Sunday Gazette-Mail from Charleston, West Virginia on August 27, 1972 · Page 66
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August 27, 1972

Sunday Gazette-Mail from Charleston, West Virginia · Page 66

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Location:
Charleston, West Virginia
Issue Date:
Sunday, August 27, 1972
Page:
Page 66
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Page 66 article text (OCR)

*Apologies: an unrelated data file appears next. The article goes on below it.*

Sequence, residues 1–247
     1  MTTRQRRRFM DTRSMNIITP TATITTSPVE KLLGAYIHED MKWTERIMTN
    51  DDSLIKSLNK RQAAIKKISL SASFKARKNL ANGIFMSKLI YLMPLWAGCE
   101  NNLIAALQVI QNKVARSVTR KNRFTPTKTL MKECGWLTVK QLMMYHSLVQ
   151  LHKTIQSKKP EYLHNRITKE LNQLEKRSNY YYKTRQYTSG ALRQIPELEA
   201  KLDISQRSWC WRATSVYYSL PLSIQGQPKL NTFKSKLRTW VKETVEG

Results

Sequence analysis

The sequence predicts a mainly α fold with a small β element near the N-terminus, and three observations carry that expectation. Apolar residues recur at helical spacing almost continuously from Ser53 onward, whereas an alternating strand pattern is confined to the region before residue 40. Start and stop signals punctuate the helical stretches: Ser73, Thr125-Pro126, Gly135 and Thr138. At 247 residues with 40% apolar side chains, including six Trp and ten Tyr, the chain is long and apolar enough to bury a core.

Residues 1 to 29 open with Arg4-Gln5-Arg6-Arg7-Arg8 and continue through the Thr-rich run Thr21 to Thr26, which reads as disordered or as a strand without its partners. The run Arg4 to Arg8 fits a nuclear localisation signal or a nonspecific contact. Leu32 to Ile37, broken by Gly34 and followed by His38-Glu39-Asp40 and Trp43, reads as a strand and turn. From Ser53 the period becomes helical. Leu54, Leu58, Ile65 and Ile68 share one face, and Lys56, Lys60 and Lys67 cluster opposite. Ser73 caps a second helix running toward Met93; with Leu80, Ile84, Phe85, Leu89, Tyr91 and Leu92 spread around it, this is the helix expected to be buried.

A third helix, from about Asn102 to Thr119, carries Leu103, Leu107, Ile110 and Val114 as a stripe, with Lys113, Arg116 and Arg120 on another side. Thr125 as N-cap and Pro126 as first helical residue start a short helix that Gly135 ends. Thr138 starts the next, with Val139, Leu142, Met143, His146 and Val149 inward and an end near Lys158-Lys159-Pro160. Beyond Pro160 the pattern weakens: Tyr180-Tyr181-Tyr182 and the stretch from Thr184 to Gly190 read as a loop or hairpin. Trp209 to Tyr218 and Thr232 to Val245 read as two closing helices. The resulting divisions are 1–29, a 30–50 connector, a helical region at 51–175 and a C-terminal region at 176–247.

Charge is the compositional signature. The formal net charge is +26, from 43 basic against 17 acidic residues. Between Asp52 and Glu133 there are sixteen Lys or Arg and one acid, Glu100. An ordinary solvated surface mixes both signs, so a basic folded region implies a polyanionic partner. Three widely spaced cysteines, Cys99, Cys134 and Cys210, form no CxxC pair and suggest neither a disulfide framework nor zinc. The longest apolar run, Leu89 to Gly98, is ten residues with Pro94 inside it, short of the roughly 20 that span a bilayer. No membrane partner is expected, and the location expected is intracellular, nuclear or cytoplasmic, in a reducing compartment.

1 214 CAPITOL STREET Jackson General --Home Away from Home BREAKFAST COAT Upstairs, downstairs, indoors or out, there's a snapcoat to suit your busv schedule. This short sleeve version features small collar and cuffs and a large roomy pocket. Beautiful prints in tones of clue, Pink, bellow and green. ACRON IX NO IRON SIZES S-M-L EXTRA SIZES COTTON AND 5. 6. Street Floor 1 I ',\r, \ I \ \ 1 1 1 1 L. Emliee.s 2M Capitol St., Charleston, \V. Va. Please send me Breakfast Coat in color 2nd choice si/e NAME . . . ADDRESS CITY . . VTATF D CHARGE n CASH (SORRY NO C. 0. D.) (please add;!', s t a t e t a x . ) ffffmffft* £1 1 % £ ·X-M By Lois MeCann 2fo : The sign over the top of the one-story, aqua structure, visible from 1-77 says, "Hospital." That and the smaller Jackson General sign on the stone front are about all that would give you a clue to the fact that this is a place for sick people. Nestled among the hills on one of the few flat pieces of land in Jackson County, it is all one-story construction and takes off in several directions. The large grassy lawn in front is ringed with monthly rose bushes, maintained by Jackson County rosarian Dana Bailes. These were donated by citizens and bear the name of the donor or the one in whose memory they were given. A smaller bed of miniature roses fills the space between the drive and hospital itself. Inside the hospital, things are cheerful, colorful, and yet as modern as any city hospital. Until it was built, county residents had to depend on Charleston or Parkersburg h o s p i t a l s , which often meant an hour's drive, even by ambulance. Centrally located, Jackson General is ten minutes from any part of the county. The hospital is owned by the Community Health Assn. Inc., is operated by a board of directors and executive, committee, and is nonprofit. It first opened its doors Nov. 19, 1964, to serve the people In the area in general medical service, and has been growing ever since. It provides 47 beds for medical and surgical patients, 12 pediatrics and 8 beds and cribs for others, and new born babies. Last month, a new wing with 26 beds for extended care patients, and a large physical therapy section was opened. ., The . staff includes, six ' d o c t o r s , a p a r t t i m e radiologist, and pathologist. Five county dentists are on staff call. One hundred and thirty employees make up the personnel of nurse's, technicians, aides, dietary department, housekeeping and business office. A professional building has been constructed on hospital property where most of the doctors have their offices. This gives them the advantage of being only s e c o n d s ·. a w a y f r o m h o s p i t a l i z e d p a t i e n t s . Another building, a health teaching unit, also on the grounds, is used for in-_ service personnel training as .well as for classes in mother and baby care, first aid, and civil defense. It takes a lot of poeple to run a modern hospital 24 hours a day, and this 98-bed unit is no exception. Today, the average hospital has two employees for each patient, with each employee working 40 hours out of the total 168 hours in a week. Every job that must be covered around" the clock requires almost five employees. Each year more trained people are needed as diagnosis, treatment, and surgery become more complicated. Over two-thirds of tne costs of a modern hospital go for salaries. Unlike industries, hospitals can use only a limited amount of automation. Yet the cost of a .two-bed room, with private Newborn (15 mtautet old) receives friendly welcome In hospital nursery. CHARLESTON. W.VA.' ' Sunday Gazette-Mail'

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